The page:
Appeals against enforcement
If the Council considers that your development involves a breach of planning control which would not be granted planning permission and causes planning harm, it can take formal enforcement action in the form of an Enforcement notice.
An Enforcement Notice will clearly state the matters which constitute the breach of planning control, the steps required to remedy the matter, and the date by which the requirements must be undertaken. You may be required to cease your activities, or demolish all or part of the building. If you have not complied with a condition imposed on the grant of a planning permission, the Council may issue a breach of condition notice requiring you to carry out work to observe the terms of the condition.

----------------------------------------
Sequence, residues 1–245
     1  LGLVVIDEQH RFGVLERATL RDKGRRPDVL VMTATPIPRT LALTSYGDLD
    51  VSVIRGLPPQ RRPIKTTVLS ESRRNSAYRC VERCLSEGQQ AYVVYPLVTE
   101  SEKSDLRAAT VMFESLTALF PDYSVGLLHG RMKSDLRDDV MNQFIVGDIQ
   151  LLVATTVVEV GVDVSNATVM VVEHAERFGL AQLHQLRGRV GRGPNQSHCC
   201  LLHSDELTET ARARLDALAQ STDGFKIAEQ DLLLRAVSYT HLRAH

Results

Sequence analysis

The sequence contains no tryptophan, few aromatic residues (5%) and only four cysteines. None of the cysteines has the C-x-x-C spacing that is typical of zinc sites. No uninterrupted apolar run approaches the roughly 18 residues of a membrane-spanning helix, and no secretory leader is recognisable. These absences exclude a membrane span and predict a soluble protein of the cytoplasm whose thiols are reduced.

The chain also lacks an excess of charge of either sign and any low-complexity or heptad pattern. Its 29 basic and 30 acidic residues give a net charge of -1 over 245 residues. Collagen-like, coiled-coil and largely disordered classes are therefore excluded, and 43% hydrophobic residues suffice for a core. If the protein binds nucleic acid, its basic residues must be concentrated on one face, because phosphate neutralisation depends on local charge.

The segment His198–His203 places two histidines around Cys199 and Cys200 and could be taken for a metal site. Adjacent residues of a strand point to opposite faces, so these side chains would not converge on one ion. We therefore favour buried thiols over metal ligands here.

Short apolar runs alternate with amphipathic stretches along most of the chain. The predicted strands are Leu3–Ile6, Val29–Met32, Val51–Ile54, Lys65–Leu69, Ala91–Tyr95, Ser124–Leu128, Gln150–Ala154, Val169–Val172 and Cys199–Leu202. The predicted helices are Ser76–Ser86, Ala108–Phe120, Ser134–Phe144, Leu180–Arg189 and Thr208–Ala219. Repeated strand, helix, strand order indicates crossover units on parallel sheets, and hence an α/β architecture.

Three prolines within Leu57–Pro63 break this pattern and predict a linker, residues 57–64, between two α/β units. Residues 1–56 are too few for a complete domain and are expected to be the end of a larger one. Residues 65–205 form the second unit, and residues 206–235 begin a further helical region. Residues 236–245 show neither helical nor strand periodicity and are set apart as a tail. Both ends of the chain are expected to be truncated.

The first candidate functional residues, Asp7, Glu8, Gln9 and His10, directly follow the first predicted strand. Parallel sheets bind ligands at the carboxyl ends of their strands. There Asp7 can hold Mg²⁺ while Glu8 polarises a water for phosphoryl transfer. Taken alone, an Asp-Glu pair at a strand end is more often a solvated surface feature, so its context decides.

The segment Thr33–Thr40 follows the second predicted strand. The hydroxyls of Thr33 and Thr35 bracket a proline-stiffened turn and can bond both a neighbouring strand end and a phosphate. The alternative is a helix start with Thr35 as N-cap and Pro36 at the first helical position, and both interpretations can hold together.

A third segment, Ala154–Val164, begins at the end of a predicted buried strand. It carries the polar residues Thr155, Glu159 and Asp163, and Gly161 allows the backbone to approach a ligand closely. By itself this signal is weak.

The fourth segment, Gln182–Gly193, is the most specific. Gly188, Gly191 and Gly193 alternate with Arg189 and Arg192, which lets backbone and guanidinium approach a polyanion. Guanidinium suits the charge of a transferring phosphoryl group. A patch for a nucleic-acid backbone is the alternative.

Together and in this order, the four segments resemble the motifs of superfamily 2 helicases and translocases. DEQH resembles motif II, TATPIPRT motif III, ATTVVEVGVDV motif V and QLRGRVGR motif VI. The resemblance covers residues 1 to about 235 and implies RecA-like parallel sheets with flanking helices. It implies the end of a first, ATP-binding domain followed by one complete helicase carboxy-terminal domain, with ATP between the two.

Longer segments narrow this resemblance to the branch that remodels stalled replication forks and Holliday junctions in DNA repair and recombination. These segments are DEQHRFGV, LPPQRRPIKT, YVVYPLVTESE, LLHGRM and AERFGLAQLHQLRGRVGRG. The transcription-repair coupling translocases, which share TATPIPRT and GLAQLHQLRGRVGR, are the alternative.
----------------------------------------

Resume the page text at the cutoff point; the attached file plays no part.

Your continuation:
There is a right of appeal to the Secretary of State against an enforcement notice. If an appeal is dismissed and the notice becomes effective, it is an offence not to comply with it, and the Council may decide to prosecute or seek an injunction against you in the event of non-compliance. In addition the Council has the option to also take direct action to secure compliance with the requirements of the Enforcement Notice. You will be charged for any works the Council undertakes. There is no right of appeal against a breach of condition notice and you will risk prosecution if you do not comply with it.